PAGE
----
Raw directory informationthis term is used to describe the directory information that each telecommunications company collects on its customers. It is distinct from directory information aggregated from several telecommunications companies which is supplied from core databases.

Recipient OperatorAn operator to whom customer number (s) are in the process of being, or have been passed or ported from a Donor Operator.

Regulated Supplier: a supplier of Access Control services that has been determined by the Director to be a Regulated Supplier (the determination will be based on finding that the firm in question is dominant or has Market Influence in the relevant intermediate market within which the Access Control services it supplies fall).

Relevant Connectable System (RCS) - (applicable to December 1997) defined in BT=s licence and other PTO licences. In essence, and with certain exceptions, it means a telecommunication system run under an individual licence, authorised for connection to the PSTN , and authorised to provide services which have been or are to be conveyed over the PSTN, for reward to the public. BT is required to provide network services to operators with RCS status at its licence condition 13 prices (ie essentially Acost plus@).

Relevant end-user market: the generic term used when referring to the relevant market within which the digital services requiring Access Control services fall. Depending on the digital services in question the relevant end-user market may include non-digital services and digital services not requiring Access Control service.

Reference Interconnection Offer  (RIO)- the terms and conditions for interconnection offered by operators with SMP status for the purpose of the Interconnection Directive.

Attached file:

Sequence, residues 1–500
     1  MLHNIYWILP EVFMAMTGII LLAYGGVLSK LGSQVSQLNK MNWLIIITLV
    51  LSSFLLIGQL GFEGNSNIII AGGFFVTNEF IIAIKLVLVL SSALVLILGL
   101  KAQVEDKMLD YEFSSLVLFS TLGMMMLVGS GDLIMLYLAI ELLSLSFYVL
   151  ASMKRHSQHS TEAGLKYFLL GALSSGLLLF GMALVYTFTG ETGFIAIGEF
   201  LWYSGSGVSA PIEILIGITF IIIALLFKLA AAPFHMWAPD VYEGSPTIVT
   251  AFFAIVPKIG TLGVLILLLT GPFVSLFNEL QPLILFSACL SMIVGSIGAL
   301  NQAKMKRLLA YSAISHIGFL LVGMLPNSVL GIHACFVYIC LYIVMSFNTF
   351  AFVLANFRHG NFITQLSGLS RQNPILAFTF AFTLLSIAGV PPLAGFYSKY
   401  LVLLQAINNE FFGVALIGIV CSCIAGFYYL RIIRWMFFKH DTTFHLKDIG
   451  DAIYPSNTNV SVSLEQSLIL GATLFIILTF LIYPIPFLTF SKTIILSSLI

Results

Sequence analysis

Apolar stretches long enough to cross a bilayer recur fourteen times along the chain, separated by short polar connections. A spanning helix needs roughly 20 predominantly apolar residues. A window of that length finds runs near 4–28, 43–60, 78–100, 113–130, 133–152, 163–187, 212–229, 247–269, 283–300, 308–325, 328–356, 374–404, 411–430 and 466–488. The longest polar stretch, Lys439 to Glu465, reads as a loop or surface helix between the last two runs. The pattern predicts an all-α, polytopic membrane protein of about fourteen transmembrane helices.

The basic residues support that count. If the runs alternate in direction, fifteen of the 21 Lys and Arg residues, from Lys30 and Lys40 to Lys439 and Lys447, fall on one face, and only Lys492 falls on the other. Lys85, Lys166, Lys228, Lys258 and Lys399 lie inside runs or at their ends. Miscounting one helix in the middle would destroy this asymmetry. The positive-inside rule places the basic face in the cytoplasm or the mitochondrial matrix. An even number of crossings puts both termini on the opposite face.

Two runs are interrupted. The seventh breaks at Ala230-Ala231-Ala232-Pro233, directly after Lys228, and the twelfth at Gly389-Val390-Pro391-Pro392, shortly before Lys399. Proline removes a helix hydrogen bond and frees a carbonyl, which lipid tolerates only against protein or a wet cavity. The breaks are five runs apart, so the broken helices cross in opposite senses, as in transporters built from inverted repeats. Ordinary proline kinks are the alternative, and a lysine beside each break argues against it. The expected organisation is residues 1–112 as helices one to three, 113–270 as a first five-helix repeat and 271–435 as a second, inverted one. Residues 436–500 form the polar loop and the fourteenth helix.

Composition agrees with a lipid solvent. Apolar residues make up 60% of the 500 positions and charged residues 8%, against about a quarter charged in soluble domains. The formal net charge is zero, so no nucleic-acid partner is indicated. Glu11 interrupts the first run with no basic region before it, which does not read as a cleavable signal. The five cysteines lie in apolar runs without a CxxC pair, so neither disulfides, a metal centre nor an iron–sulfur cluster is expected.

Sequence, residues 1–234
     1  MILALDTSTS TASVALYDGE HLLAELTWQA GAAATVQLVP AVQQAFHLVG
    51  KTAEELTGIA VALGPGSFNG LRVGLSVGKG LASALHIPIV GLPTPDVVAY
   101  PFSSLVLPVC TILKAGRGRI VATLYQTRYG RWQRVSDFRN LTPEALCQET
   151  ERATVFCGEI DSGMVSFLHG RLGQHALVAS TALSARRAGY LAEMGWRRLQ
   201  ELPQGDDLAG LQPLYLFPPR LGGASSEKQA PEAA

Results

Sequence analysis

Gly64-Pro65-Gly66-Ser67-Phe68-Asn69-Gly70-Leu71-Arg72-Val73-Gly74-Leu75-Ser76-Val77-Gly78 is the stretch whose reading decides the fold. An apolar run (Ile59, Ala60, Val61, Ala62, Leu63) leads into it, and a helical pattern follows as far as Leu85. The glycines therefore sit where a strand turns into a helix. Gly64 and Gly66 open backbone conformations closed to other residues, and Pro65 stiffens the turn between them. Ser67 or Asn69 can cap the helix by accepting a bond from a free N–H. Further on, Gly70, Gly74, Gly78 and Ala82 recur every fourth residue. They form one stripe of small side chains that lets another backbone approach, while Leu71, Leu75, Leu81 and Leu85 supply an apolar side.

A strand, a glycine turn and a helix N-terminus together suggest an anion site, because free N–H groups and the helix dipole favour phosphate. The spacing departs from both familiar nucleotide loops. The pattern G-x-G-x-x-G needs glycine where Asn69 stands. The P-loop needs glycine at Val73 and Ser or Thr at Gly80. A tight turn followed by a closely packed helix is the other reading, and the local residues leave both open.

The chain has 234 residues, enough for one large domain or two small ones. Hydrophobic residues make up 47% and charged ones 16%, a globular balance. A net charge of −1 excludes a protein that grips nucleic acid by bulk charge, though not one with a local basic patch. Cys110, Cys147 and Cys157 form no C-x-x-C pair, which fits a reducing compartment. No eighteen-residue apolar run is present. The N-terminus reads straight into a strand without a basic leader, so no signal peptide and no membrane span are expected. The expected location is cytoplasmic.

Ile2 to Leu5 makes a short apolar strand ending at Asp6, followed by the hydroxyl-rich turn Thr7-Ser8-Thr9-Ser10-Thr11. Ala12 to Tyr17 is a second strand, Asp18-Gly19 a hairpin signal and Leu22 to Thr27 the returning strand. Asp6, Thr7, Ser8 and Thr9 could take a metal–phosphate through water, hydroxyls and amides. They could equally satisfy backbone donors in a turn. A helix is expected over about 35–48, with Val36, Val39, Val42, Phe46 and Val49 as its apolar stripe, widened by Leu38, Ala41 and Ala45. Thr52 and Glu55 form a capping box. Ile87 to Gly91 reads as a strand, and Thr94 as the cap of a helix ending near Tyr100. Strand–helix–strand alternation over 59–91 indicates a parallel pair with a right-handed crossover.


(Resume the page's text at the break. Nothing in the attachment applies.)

The RegulationsThe Telecommunications (Open Network Provision) (Voice Telephony) Regulations 1998.

Relevant intermediate market: the generic term used when referring to the relevant market within which the Access Control services fall; it recognises that Access Control services are not supplied directly to end-users but are supplied to third parties who wish to supply digital services to end-users.

Relevant Numbering Conditioncondition 34B of BT's licence and the equivalent condition in those of other operators.

Remote concentrator unit - the part of the local exchange on which customers' exchange lines terminate. It is sometimes colocated with the main local exchange and sometimes located remotely from it.

Residential Limited Service Scheme (RLSS)a BT product required under its licence which provides a low cost telephony service. It allows only incoming calls and a limited range of outgoing calls such as those to the emergency services.

Retail IDD Retail International Direct Dialled calls are calls made by end-users dialling direct to subscribers in other countries.

Return on Capital Employed (ROCE) - the ratio of accounting profit to capital employed. The measure of capital employed can be either Historic Cost Accounting (HCA) or Current Cost Accounting (CCA).